Get help establishing a Kentucky LLC with S corp tax election

Are you ready to form an S corp as an LLC in Kentucky? Our S corp service can help you do that. We also offer other services to help you run and grow your business. If you’re ready to make your dream business a reality, contact us today.


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Kentucky S Corp FAQs

  • Despite how it sounds, an S corporation (S corp) isn’t a corporation or any other kind of business structure. Instead, it’s a federal tax classification that either a limited liability company (LLC) or a corporation can apply for with the Internal Revenue Service (IRS) if it meets the right criteria. For a corporation, S corp election is a way to avoid double taxation and avoid paying Kentucky corporation income tax. For an LLC, it can be a way to save on self-employment taxes.

    Not every LLC or corporation will qualify to be an S corp, though; they must meet the conditions of the Internal Revenue Service (IRS) first. We’ll list those criteria and the steps you would need to take to file as an S corp, provided you decide that it’s the right move for your business.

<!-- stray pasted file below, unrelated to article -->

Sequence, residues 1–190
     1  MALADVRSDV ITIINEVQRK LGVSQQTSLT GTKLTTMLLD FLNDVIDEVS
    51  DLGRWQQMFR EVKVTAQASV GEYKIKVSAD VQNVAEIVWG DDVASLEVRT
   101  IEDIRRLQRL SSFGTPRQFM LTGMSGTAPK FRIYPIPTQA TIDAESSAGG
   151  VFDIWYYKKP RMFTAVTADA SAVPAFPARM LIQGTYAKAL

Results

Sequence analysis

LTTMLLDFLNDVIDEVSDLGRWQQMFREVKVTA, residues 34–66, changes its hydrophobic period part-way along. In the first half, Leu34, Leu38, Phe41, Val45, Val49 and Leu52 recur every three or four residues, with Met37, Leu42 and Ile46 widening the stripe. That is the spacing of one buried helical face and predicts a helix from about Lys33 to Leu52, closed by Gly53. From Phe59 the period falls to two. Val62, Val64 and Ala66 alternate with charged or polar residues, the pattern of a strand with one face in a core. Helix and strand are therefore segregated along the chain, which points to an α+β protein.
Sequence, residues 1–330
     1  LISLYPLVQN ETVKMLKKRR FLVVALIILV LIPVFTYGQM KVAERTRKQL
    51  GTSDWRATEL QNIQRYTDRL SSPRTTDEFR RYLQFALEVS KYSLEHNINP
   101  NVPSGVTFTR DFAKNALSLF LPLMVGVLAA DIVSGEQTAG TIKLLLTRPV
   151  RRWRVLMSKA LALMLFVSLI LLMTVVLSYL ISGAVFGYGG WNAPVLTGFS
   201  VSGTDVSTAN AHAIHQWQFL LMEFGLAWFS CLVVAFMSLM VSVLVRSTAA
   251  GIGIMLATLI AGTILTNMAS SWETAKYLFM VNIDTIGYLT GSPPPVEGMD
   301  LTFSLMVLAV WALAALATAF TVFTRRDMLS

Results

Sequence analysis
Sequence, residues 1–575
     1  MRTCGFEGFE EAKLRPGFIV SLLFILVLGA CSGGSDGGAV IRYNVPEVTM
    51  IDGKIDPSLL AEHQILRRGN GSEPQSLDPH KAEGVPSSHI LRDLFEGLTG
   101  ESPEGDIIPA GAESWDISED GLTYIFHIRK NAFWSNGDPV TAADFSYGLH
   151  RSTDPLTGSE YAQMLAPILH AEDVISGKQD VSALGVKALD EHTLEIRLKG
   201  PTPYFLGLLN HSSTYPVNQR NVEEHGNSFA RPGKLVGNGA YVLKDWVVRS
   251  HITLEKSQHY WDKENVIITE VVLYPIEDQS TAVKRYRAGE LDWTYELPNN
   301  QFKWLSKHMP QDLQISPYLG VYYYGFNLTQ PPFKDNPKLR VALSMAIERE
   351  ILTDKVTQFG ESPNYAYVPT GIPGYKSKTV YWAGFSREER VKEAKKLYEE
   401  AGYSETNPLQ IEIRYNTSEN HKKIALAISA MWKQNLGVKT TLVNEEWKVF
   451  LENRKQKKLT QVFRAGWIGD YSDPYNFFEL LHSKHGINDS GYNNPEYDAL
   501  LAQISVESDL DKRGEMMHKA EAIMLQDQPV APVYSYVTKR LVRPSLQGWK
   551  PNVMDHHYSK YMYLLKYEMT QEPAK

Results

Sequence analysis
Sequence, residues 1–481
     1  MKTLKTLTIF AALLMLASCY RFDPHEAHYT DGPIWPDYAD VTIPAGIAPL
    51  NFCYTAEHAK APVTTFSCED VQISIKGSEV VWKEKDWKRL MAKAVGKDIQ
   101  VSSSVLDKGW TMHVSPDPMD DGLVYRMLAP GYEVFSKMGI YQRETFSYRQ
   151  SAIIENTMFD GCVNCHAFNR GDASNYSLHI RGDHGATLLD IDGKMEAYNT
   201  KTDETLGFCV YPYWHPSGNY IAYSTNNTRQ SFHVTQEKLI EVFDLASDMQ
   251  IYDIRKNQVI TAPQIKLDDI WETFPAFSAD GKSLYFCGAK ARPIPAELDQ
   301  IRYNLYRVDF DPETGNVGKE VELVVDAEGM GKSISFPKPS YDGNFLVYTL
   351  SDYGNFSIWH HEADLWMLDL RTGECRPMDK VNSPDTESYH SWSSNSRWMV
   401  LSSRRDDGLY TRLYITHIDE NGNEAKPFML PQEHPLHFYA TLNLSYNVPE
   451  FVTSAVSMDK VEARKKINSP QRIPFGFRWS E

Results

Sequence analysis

In this article, you can also learn learn more about S corps and their pros and cons.

  • If an S corporation has filed for an extension with the federal government, the state of Kentucky will also automatically grant the extension of time to file in Kentucky.

  • Yes. The corporate income tax rate in Kentucky is a flat 5%.

  • The minimum tax in Kentucky is $175 (based on the Limited Liability Entity Tax) for gross profits of $3 million or less.

Disclaimer: The content on this page is for information purposes only and does not constitute legal, tax, or accounting advice. If you have specific questions about any of these topics, seek the counsel of a licensed professional.

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Written by Team ZenBusiness

Form Your S Corporation in Kentucky